Late last year, when a Canadian federalelection was called for January 23, there was a ripple of fear in the Canadianfilm industry and the culture sector as a whole. After 12 years in power, thescandal-marked Liberal government was doomed.

The prospect of a Conservative victory hadmany worrying that tax-cutters would hold sway and start hacking budgets at thepublic sector subsidy system, particularly TelefilmCanada, upon which indigenous Canadian production depends. The Conservativesdid win the election but not enough for a majority government; now everyone issighing with relief.

They might as well as save their breath.

The culture community has an inflated senseof its importance on the national stage, particularly the film industry - atleast outside the French-language province of Quebec. In Toronto and Vancouver,the two principal production hubs in English-Canada, the status quo holds. Withever-rising production costs and no sign of new dollars, that isn't sayingmuch.

"Telefilm justdoesn't have enough money," says Steve Hegyes,co-president of Vancouver-based Brightlight Pictures,which is casting Bruce Sweeney's AmericanVenus and in pre-production on Canada-UK co-production White Noise 2. "The low-budget allocation [monies earmarked forfilms micro-budget films] for all of Western Canada is only $2m [US$1.7]."

Hegyes saysthat a production system based on the Telefilm modelof Canadian content production is untenable; rather Vancouver producers looksouth to tap their long history of servicing LA productions.

But instead of making the films as employees,the new model sees Canadian producers putting equity into productions and thenearning a stake in the back-end. William Vince's Infinity Features did justthat with Bennett Miller's Capote.

"The film world has changed dramatically notjust from the Canadian subsidy perspective but from Hollywood's perspective aswell," says Vince. "Studios don't want all the risk of production. They want todistribute. They're interested in packages they can take and distribute."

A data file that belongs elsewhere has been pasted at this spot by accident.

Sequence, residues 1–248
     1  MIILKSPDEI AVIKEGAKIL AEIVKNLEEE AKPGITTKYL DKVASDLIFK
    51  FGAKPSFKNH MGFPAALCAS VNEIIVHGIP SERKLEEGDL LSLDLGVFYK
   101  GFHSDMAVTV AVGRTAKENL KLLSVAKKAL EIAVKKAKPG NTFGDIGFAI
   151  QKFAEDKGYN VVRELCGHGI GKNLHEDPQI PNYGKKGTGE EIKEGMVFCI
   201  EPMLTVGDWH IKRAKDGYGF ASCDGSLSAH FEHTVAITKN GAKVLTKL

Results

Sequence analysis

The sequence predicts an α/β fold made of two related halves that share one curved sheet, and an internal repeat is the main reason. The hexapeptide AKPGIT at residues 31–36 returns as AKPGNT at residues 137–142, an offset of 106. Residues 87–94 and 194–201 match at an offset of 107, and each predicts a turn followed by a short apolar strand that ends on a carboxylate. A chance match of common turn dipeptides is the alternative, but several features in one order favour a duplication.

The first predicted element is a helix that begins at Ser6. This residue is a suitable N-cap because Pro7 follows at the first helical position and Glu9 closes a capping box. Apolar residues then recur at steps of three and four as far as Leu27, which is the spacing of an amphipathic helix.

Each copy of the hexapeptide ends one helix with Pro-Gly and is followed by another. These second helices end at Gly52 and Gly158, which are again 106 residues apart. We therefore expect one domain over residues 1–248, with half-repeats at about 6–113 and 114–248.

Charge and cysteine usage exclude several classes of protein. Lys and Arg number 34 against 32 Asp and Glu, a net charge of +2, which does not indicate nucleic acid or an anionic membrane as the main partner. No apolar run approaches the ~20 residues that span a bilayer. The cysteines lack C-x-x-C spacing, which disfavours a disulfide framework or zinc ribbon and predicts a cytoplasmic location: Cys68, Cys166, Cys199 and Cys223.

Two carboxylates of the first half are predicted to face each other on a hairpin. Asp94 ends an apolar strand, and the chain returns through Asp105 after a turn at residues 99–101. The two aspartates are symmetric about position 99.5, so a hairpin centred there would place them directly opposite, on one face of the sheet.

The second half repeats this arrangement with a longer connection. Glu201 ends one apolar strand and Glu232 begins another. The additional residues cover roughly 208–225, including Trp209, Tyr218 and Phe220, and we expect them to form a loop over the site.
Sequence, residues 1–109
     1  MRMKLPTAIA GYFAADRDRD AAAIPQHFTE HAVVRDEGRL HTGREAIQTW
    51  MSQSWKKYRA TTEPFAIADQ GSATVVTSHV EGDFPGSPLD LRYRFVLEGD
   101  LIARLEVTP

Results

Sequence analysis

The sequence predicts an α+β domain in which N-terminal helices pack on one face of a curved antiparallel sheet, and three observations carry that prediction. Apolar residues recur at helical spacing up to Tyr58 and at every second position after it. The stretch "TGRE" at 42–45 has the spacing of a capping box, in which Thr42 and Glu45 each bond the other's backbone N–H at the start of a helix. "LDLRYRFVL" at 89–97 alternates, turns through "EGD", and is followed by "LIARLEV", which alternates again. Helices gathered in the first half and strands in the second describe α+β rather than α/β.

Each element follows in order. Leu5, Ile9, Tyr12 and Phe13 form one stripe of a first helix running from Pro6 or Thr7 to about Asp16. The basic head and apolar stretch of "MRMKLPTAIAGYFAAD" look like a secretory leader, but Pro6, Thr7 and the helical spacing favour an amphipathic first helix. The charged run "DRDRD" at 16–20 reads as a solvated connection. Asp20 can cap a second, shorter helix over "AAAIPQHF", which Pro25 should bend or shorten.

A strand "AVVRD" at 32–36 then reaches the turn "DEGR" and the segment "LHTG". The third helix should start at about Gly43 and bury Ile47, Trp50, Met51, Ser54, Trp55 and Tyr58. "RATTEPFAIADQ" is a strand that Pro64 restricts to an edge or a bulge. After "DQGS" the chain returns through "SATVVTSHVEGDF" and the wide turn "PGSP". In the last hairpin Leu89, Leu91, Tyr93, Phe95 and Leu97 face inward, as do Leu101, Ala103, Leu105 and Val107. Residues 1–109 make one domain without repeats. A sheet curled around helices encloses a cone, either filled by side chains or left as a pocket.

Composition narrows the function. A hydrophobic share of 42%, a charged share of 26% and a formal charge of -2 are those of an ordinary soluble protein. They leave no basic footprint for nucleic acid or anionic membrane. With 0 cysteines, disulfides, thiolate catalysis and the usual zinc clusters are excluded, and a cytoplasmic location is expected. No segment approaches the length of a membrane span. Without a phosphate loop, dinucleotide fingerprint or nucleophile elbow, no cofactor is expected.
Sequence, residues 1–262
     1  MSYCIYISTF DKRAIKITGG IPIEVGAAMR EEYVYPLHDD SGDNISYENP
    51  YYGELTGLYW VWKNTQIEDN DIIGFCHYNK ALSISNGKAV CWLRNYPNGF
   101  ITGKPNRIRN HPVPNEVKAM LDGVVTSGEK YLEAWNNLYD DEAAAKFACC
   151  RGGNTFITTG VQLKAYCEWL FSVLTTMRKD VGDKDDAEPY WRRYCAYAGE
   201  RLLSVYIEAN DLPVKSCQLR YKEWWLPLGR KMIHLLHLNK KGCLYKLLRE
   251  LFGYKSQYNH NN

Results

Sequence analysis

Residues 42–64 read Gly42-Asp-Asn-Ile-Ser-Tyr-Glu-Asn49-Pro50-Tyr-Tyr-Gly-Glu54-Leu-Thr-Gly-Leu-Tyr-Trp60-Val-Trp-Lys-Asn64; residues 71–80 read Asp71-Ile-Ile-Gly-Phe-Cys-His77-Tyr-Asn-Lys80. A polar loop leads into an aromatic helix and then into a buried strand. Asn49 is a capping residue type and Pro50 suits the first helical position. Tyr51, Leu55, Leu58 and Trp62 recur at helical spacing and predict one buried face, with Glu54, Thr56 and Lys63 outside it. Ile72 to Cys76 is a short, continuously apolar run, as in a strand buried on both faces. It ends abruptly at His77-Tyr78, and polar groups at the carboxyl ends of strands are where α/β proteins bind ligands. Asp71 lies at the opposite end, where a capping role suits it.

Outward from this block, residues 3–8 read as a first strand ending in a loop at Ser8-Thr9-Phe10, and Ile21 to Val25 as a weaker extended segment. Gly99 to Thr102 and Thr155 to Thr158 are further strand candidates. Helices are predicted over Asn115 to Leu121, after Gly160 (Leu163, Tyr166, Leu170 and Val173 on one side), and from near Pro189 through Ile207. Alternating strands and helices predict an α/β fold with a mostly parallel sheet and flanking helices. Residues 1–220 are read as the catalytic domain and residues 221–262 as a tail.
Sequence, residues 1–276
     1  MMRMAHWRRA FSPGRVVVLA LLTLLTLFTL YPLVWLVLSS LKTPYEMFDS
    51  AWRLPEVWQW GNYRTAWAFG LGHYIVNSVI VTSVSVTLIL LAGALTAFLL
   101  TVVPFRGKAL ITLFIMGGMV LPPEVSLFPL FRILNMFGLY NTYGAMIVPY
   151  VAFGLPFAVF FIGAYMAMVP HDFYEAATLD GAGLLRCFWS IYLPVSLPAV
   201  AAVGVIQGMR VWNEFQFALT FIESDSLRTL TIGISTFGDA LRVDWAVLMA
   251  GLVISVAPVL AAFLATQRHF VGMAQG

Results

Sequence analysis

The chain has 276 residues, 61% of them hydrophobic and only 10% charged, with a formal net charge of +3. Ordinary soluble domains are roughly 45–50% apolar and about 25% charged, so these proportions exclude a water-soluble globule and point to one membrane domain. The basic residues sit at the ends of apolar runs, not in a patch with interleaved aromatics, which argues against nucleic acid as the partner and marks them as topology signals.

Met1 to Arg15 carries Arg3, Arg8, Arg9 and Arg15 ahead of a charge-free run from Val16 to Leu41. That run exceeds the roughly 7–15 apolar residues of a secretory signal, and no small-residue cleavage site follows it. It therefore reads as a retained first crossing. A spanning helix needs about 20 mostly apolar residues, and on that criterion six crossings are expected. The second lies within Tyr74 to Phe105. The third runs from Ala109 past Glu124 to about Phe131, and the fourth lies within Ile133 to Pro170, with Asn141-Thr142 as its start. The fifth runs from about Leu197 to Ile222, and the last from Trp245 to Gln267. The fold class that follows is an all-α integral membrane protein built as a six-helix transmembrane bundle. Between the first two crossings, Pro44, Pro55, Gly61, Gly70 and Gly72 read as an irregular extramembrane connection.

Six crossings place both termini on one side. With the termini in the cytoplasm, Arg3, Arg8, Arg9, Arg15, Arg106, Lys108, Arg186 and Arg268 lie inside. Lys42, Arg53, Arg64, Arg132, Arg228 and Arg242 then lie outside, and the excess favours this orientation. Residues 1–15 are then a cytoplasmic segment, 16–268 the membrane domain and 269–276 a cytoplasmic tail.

Infinity fully-financed the $7.5m productionbased on a $5m minimum guarantee from United Artists (prior to its take-over bySony Pictures Classics) for world rights. The balance of the budget came from$1.5m of private equity and various Canadian tax credits - the prairie provinceof Manitoba substituted for the film's Kansas location - worth $1m.

The film is Canadian in the sense that theproducer, originator and owner of the copyright are Canadian. But it does not qualifyas Canadian in the context of Canada's Genie Awards, thanks to its mainly UScreative team and cast, including Miller and lead actor Philip Seymour Hoffman,who won a Golden Globe and is nominated for an Academy Award, as well asCatherine Keener (also Oscar-nominated) and Chris Cooper. Bruce Greenwood isthe highest profile Canadian in the cast.

Now Infinity is on to another similarproject, Butterfly OnThe Wheel, starring Pierce Brosnan, Maria Bello and Gerard Butler to be co-produced by Infinity alongwith Icon Entertainment and Irish Dreamtime, the production company of Brosnan and Beau St Clair. Shooting is scheduled for Marchin Vancouver on a story Vince describes as "a cautionary thriller."

"You don't need a snow goose or a beaver tomake a movie Canadian," says Hegyes. "We want toproduce for the global market."

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